Accounting is exactly as old as History for a very simple reason:
Let's consider a long historical perspective:
In the millennia before -8000, the Earth warmed up. It was the end of the last ice age. In parts of the Middle East and several other areas of the world, human beings changed their way of life. Instead of being wanderers hunting and gathering their food, they settled down, founded villages, and began to produce their food: growing crops and raising cattle.
This is also the beginning of a more sophisticated social organisation, of more elaborate exchanges, of codes, etc.
Some proto-writings have been identified in the millenniums between -8000 and -3000. It is around -3200 b.c., however, that the firt writings properly speaking, that is signs that could be read in a unique way to tell something, appeared. This took place in an area of the Middle East that was called Sumer (somewhat north of modern Koweit).
To go further: notice that the concept of uniquely interpretable signs is more fuzzy than it seems, particularly in poetry, and most particularly in Chinese poetry which uses loosely linked ideograms. Therefore to say that the signs written on clay balls in Sumer in 3200 bc were writings, and that pictures on rocks or cave walls in 20 000 bc were not, is disputable. See: poetry of Li Po.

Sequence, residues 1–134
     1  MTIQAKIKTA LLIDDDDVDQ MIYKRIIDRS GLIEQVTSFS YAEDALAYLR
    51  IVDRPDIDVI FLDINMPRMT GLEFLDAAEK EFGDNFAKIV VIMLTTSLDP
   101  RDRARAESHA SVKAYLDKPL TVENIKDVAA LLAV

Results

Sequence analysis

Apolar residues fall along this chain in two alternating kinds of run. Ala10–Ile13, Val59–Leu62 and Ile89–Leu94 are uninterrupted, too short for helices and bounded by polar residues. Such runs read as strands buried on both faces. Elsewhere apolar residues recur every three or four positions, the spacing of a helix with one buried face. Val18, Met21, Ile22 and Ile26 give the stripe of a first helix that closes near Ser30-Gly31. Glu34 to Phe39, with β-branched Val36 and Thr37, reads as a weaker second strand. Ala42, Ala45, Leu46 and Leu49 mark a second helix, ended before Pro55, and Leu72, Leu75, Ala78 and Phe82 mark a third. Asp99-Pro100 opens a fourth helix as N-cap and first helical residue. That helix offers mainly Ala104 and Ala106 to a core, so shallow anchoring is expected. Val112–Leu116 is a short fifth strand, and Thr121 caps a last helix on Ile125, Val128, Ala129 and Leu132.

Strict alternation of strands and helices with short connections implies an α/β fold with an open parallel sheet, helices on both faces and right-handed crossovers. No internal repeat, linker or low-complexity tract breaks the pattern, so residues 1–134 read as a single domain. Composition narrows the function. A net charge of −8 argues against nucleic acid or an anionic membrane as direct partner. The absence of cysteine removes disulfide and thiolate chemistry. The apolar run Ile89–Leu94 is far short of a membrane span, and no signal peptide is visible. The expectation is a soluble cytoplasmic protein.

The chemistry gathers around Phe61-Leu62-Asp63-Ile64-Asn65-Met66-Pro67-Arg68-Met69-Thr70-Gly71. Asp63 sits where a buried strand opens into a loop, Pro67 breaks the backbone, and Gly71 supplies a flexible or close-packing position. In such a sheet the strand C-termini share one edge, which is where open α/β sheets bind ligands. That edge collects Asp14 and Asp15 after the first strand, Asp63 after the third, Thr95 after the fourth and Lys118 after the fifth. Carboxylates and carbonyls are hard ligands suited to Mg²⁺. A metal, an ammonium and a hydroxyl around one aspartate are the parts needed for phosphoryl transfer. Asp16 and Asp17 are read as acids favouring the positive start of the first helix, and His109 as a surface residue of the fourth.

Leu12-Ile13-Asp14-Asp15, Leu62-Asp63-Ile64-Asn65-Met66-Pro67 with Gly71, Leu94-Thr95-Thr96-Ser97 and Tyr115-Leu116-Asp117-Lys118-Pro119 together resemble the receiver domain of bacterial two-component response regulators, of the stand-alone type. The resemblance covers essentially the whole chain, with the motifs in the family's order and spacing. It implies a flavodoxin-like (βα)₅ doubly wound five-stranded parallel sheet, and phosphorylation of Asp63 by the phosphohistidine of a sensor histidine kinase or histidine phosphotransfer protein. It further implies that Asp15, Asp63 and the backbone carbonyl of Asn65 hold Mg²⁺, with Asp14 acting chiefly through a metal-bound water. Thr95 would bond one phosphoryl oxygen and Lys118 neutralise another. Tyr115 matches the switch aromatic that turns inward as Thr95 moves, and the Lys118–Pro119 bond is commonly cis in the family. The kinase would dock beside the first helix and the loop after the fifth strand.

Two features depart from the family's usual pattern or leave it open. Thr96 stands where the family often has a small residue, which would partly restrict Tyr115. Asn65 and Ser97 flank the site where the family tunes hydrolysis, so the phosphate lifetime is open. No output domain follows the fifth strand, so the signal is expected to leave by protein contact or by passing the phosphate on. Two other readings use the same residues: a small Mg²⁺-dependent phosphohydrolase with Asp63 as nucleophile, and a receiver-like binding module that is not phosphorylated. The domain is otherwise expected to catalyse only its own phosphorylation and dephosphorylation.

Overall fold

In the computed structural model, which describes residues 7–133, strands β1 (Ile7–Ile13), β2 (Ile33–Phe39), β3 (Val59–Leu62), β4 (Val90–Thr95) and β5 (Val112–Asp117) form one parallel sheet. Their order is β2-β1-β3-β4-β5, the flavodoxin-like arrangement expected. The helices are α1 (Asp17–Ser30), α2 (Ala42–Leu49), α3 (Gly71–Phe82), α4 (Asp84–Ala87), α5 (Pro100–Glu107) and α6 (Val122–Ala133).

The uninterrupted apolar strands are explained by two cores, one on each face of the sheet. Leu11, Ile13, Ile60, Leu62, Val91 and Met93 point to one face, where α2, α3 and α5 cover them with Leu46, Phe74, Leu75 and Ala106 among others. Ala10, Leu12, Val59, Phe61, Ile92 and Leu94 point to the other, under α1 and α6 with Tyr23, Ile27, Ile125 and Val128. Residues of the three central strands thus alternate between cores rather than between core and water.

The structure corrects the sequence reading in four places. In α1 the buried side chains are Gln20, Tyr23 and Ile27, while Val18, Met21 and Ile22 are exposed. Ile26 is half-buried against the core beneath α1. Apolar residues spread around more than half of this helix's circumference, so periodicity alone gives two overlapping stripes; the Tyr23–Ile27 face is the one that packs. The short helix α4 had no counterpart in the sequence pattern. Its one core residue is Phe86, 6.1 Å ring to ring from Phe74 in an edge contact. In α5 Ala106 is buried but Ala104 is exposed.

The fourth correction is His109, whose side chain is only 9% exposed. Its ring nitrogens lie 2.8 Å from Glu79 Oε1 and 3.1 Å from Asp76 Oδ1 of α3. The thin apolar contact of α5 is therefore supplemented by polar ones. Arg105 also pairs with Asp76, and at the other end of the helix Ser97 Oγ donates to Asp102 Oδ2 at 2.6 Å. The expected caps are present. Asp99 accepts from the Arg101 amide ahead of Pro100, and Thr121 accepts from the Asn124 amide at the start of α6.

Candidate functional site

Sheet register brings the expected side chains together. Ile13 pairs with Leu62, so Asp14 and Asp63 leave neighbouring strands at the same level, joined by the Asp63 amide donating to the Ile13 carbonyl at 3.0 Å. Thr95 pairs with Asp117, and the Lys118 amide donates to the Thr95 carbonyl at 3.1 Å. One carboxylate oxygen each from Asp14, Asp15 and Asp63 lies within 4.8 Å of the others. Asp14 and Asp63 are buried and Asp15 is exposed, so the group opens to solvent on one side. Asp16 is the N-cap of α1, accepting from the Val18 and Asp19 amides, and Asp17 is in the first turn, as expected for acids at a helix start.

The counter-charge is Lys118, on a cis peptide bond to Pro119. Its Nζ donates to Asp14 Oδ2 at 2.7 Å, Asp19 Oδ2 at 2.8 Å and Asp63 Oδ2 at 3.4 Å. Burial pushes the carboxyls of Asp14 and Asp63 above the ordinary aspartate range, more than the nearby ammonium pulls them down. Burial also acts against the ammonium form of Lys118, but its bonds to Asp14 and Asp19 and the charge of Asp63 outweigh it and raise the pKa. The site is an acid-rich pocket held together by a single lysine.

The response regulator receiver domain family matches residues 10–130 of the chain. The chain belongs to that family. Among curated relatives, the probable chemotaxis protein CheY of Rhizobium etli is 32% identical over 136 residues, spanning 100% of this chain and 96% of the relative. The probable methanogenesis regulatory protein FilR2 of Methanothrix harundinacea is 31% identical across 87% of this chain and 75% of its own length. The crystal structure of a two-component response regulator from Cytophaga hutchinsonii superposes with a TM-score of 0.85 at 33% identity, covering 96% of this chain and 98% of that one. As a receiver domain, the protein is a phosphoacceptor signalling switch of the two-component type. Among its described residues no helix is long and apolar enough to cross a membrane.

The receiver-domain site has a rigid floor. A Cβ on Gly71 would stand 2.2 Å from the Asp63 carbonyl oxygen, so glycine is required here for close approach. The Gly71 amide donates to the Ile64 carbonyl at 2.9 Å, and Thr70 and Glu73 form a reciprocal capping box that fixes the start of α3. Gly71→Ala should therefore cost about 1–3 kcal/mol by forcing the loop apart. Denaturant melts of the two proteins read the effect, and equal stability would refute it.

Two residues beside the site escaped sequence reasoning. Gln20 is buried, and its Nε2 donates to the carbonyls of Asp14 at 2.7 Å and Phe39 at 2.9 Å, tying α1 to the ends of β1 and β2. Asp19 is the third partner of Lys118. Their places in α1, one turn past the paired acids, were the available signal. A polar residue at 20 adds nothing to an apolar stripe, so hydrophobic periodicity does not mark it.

These writings were used to record contracts between people who had exchanged some things. They also served to note legal codes (Hammurabi code, -1750), and epics (Epic of Gilgamesh, late third millennium and second millennium).
From -3200 b.c. until the XIIIth century a.d., accounting techniques were rudimentary. They essentially consisted in recording how much money we had.
There are indeed two types of accounting:
Contract for the sale of a field and a house, Shuruppak, c. 2600 bc. Musée du Louvre.
But where are debits and credits!!?
When we begin to learn double-entry accounting, the technique of recording movements of value into two accounts is a bit confusing at first, and takes a little while to be mastered. But once we understand how it works, its simplicity and power appear, and we wonder how we could for so long do otherwise.
Double-entry accounting is also called nowadays simply: general accounting
The Book of Completed-Accounts
by François-Bertrand Barrême (Tarascon, 1638 - Paris, 1703)
published in M.DCC.LXVIII. (= 1768) by l'Imprimerie de Didot
Source : blog "Au fil de Lau"
Landmarks in double-entry accounting: